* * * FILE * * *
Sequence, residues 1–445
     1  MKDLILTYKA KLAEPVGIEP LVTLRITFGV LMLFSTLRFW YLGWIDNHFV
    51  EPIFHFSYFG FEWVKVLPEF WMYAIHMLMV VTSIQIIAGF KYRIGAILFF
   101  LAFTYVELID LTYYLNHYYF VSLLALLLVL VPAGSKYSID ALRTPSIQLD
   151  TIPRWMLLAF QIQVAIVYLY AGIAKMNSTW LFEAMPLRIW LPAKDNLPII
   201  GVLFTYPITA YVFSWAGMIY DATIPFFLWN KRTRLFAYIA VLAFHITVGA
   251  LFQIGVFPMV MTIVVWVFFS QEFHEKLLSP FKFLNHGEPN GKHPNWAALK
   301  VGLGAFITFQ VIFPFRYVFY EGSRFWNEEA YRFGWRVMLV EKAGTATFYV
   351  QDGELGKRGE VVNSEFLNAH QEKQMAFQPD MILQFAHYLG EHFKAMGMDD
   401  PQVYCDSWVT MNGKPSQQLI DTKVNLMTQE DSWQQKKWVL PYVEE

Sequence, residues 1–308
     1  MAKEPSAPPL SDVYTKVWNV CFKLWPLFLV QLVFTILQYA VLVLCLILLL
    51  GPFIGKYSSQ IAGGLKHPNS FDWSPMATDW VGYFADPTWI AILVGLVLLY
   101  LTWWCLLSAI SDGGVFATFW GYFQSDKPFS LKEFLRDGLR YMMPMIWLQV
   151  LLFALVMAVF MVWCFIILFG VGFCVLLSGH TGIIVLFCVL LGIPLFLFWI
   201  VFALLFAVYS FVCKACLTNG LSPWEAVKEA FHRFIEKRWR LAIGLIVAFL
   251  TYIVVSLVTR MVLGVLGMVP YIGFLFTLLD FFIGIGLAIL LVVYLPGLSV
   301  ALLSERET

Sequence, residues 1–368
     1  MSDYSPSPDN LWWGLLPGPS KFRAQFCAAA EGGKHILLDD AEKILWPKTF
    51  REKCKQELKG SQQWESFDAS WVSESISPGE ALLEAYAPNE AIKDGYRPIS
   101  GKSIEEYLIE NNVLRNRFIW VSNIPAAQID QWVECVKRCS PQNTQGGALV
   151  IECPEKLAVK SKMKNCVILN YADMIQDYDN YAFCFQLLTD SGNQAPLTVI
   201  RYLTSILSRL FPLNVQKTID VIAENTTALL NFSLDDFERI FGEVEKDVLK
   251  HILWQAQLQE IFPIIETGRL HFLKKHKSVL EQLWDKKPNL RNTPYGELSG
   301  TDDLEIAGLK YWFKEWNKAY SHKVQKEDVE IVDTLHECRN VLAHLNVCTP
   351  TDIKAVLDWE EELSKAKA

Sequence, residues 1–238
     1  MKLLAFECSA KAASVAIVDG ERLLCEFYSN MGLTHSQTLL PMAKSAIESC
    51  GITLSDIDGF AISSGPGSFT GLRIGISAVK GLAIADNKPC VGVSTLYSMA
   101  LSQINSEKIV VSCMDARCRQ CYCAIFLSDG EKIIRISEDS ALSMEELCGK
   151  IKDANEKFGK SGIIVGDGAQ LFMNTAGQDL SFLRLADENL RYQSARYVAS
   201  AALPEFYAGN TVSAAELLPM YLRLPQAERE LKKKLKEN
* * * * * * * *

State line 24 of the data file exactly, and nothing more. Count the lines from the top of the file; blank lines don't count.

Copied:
   201  RYLTSILSRL FPLNVQKTID VIAENTTALL NFSLDDFERI FGEVEKDVLK